What year is it according to the Hindu Lunar Calendar?


First of all, there isn't really such a thing as "the Hindu calendar". Most Hindu calendars are based on the system described in the Surya Siddhanta, an ancient astronomical treatise, but then subsequently a lot of regional variations on the Surya Siddhanta system developed. Still, most Hindu calendars are lunisolar, in the sense that they have lunar months and sidereal solar days.

Now as far as the zero year goes, different Hindu calendar systems have different zero years, but these are the most prominent:

  1. 3102 BC - This is the zero year of the so-called Yudhishthira Samvat calendar, believed to have originated with the king Yudhisthira (although I'm not sure if Yudhisthira's involvement is mentioned in scriptures). It is the year when Krishna departed the Earth (which I discuss here), and for that reason it is also the start of the Kali Yuga. In religious contexts, this is the zero year that's most often used. For instance, people might say "Ramanujacharya was born on such-and-such year of the Kali Yuga."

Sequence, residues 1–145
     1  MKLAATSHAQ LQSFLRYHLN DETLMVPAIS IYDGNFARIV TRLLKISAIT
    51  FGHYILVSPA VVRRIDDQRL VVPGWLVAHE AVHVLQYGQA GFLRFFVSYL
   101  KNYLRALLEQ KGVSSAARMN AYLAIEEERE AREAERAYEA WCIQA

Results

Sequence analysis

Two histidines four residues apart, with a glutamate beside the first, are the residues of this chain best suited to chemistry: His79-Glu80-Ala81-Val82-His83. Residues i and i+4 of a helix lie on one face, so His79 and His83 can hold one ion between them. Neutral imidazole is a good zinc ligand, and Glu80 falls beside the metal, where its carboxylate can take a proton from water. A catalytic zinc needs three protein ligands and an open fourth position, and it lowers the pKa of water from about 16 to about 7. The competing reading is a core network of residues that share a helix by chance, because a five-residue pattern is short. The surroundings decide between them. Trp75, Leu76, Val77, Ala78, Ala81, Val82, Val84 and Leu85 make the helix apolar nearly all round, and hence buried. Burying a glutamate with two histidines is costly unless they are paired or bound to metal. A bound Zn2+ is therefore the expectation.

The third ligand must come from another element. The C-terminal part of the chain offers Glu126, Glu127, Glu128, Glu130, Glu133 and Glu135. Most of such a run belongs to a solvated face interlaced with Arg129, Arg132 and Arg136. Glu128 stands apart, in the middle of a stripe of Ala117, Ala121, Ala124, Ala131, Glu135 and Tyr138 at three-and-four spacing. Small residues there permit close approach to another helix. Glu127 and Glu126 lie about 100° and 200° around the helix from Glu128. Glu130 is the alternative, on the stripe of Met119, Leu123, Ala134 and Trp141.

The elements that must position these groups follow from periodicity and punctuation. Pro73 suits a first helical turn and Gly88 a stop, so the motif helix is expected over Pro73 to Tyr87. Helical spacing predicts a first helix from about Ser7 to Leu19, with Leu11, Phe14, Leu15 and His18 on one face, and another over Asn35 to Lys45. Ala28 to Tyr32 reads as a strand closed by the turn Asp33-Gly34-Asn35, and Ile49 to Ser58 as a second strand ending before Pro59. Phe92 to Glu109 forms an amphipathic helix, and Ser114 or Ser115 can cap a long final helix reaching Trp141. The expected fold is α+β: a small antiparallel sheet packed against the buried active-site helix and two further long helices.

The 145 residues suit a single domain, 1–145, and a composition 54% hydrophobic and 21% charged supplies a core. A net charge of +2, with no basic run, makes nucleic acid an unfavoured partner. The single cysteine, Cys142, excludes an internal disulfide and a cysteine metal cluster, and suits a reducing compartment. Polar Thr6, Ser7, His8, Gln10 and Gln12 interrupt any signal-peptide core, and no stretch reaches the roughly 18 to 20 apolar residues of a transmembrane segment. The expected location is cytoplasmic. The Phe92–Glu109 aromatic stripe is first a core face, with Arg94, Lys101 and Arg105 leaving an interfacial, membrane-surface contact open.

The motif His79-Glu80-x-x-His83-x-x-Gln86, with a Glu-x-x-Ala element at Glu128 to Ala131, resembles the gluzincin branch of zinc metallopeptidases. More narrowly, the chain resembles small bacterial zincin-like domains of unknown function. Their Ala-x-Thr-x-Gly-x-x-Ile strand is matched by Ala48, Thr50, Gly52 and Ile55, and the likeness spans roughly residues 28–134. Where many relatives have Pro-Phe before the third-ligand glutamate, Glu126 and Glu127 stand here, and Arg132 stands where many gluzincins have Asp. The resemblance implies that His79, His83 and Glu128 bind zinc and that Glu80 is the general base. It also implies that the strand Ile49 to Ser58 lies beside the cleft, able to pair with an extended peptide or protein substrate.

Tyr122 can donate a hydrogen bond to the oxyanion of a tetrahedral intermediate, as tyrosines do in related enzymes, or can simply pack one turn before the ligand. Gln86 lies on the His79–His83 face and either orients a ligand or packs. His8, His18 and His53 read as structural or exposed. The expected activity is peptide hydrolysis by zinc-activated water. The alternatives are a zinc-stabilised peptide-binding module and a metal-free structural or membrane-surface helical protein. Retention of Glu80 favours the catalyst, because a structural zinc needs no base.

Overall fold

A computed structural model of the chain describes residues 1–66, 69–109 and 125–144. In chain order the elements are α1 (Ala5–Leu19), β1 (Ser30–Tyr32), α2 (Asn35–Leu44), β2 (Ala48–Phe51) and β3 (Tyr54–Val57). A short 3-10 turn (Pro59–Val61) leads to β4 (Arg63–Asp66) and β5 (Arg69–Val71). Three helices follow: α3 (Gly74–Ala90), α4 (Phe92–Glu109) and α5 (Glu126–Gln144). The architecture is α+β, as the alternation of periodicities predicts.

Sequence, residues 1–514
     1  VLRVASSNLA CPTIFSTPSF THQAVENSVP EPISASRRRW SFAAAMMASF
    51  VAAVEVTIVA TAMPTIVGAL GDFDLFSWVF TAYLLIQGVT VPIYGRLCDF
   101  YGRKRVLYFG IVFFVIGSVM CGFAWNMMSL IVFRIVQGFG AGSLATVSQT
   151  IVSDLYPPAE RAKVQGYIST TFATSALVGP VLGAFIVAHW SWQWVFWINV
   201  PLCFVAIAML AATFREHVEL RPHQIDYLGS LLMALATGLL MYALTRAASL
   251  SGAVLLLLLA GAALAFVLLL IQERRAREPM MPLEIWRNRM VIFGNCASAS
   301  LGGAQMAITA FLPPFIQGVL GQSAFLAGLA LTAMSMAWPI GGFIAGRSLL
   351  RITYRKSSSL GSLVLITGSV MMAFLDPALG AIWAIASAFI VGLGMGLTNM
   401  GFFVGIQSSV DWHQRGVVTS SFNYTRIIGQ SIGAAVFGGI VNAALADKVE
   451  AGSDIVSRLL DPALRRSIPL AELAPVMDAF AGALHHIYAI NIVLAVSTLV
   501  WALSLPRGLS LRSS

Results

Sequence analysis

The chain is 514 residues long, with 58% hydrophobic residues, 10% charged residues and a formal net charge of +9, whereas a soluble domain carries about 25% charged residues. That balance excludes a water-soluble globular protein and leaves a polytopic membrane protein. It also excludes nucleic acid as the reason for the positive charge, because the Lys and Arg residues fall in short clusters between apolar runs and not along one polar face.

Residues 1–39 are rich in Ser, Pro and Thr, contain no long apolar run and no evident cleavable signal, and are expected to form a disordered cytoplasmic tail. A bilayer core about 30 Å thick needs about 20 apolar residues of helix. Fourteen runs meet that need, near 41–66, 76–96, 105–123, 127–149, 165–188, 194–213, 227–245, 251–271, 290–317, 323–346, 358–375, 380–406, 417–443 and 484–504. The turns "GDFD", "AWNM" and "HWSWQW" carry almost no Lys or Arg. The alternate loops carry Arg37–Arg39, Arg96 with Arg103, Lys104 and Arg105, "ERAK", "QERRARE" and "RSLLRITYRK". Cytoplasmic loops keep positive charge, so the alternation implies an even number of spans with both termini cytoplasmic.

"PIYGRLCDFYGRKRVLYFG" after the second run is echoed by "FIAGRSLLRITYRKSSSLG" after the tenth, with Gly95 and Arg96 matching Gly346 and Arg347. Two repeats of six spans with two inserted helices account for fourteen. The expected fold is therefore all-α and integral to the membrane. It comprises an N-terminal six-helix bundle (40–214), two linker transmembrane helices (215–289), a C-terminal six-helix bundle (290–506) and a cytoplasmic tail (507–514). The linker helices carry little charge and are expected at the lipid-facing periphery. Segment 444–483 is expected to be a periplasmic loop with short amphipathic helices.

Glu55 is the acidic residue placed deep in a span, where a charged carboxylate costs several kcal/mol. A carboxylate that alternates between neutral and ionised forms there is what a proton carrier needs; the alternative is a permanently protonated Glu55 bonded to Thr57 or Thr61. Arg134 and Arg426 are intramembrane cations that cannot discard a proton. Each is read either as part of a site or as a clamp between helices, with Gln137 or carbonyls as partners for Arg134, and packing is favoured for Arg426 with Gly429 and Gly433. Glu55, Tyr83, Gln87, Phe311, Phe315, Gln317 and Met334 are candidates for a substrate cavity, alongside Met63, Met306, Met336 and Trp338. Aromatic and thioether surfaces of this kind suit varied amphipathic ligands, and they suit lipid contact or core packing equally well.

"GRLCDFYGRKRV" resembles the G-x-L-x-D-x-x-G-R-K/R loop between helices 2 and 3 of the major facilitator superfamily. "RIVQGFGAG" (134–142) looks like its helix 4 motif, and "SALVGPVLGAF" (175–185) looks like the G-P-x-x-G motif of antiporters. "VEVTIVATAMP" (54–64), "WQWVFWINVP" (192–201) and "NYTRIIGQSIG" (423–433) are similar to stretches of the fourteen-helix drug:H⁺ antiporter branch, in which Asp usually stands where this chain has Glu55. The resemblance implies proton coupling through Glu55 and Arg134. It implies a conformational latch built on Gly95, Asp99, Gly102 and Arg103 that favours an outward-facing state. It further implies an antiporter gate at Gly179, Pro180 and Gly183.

2. 56 BC - This is the zero year of the Vikram Samvat, created by the king Vikramaditya to commemorate his victory against the Scythians. This is the calendar commonly used in North India.

  3. 78 AD - This is the zero year of the Shalivahana Samvat calendar, AKA, the Saka calendar, instituted by the king Gautamiputra Satakarni to celebrate his own victory against the Scythians. (It looks like nothing much changed in a hundred years!) This has been adopted as the national calendar of India.

Notwithstanding all this, if you were to walk up to an educated Hindu and ask him what the zero year of the Hindu calendar is, they would most likely say 3102 BC.

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